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Bradley Cooper has been accused of “Jewface.”
Cooper portrays composer and conductor Leonard Bernstein in the upcoming film Maestro, a biographical romance focused on Bernstein’s 25-year marriage to Felicia Montealegre.
On Tuesday, Netflix released a trailer for the title. But the quality of the teaser went mostly unnoticed compared to Cooper’s nose. On social media, the perpetually offended called Cooper’s prosthetic nose a form of antisemitism.
StopAntisemitism calls itself the “Leading non-partisan American-based organization fighting antisemitism.” That, of course, is not true. But the group does effectively stir outrage.
“Hollywood cast Bradley Cooper – a non-Jew – to play Jewish legend Leonard Bernstein and stuck a disgusting exaggerated ‘Jew nose’ on him,” StopAntisemitism posted on X. “Sickening.”
So much fake outrage in one tweet, err post.
NBC News compiled a list of responses also charging Cooper with antisemitism:
“Bradley Cooper is putting himself in an insanely large prosthetic nose to play a Jewish man in Maestro and we’re all just supposed to act like that’s cool and normal?”
“Just looked up a picture of the real Leonard Bernstein…. the big antisemitic prosthetic nose on Bradley Cooper was definitely not necessary…” another commenter wrote.
“I saw Bradley Cooper play the elephant man with no prosthetics on Broadway,” another social media user said. “But then he plays a Jew and decides he needs a huge nose?”
“He’s the director too so don’t blame anyone else,” they added.
“There was no need for Bradley Cooper to add an odd prosthetic nose on top of this to play Leonard Bernstein,” one social media user wrote. “His own nose is longer! And I still would have preferred they at least give Jewish actors a chance to audition before automatically casting someone more famous,” they said, adding the hashtag “#JewFace.”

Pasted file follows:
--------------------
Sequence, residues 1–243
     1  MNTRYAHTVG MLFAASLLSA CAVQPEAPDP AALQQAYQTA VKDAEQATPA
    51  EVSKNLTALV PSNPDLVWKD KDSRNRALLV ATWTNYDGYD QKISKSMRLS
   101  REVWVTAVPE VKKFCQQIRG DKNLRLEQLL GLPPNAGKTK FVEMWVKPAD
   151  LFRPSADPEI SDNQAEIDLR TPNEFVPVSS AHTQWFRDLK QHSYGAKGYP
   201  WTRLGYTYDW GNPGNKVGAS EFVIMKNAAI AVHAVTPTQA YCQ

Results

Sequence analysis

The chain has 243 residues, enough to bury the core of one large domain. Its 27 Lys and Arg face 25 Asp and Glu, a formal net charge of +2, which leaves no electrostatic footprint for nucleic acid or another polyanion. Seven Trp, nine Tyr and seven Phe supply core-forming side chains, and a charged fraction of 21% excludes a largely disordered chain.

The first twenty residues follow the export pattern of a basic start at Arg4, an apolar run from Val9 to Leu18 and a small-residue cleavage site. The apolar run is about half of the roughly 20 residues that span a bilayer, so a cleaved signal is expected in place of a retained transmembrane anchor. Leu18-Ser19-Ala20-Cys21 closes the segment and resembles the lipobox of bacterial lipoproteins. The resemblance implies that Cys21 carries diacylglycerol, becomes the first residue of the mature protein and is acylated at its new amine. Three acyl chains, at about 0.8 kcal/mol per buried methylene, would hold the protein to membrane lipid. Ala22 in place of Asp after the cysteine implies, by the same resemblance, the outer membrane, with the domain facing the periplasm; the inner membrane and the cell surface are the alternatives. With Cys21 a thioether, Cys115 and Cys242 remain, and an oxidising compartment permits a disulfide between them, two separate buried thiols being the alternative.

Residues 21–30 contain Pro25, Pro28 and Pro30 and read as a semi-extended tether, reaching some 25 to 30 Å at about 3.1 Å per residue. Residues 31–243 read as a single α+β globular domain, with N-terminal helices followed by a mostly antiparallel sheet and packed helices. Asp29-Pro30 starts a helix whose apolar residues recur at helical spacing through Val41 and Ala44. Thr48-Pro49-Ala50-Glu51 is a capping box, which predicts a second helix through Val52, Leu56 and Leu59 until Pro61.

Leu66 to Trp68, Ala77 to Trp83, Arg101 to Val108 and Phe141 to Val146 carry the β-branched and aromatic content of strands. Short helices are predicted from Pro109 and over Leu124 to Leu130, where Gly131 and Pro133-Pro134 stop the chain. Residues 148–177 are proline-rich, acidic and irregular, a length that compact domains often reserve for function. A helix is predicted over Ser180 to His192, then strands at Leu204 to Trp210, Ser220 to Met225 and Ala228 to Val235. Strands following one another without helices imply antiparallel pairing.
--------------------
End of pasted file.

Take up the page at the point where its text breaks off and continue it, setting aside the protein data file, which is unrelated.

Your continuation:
What’s worse: Cooper wearing a prosthetic nose for a film or Alec Baldwin shooting a woman dead on set?
The term “Jewface” now trends on X.
Jewface is real, but Womanface is not. At least that’s what the arbiters of outrage tell us.
Just as amusing as seeing the vulture screech about Cooper’s nose is how Bernstein’s old children tried to debase the outrage.
Bernstein’s kids issued a statement in defense of Cooper, saying the actor included them in his “journey” to play their father.
“It’s true that Leonard Bernstein had a nice, big nose,” reads the statement. “Bradley chose to use makeup to amplify his resemblance, and we’re perfectly fine with that. We’re also certain that our dad would have been fine with it as well.
“At all times during the making of this film, we could feel the profound respect and yes, the love that Bradley brought to this portrayal of Leonard Bernstein and his wife, our mother Felicia,” the statement concludes.
Leonard Bernstein had a big nose. It would be inauthentic to depict him otherwise, as it would be to one day depict Jay Leno without an abnormally large chin.
And Bradley Cooper, given his versatility as a performer, projects to play Bernstein well. Bernstein’s own children agree. One could argue their feelings trump the feelings of journalists on X and the partisans behind StopAntisemitism.
The outrage over Jewface reminds us of those who accused the film The Whale of “fat appropriation” for casting a man in a fat suit instead of a 600-pound actor. We aren’t joking.
By the way, not all Jews have big noses. And not everyone with a large snout is a Jew.